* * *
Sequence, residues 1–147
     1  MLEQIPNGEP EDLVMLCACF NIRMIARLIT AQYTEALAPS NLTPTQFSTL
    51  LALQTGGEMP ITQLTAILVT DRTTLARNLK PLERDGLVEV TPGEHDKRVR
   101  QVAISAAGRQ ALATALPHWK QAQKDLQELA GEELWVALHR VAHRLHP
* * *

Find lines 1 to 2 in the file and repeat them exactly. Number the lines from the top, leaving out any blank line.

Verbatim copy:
Sequence, residues 1–147
     1  MLEQIPNGEP EDLVMLCACF NIRMIARLIT AQYTEALAPS NLTPTQFSTL